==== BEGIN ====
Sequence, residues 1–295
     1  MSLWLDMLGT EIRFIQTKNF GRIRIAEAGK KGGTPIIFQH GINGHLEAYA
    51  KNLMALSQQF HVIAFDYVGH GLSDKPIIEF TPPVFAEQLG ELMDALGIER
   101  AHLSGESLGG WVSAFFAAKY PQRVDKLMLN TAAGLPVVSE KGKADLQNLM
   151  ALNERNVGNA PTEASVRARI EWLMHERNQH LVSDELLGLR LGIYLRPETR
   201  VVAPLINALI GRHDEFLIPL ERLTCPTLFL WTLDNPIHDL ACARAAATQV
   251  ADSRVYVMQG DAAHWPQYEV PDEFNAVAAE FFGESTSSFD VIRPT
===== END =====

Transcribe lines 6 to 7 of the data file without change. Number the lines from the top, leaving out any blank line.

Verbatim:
   201  VVAPLINALI GRHDEFLIPL ERLTCPTLFL WTLDNPIHDL ACARAAATQV
   251  ADSRVYVMQG DAAHWPQYEV PDEFNAVAAE FFGESTSSFD VIRPT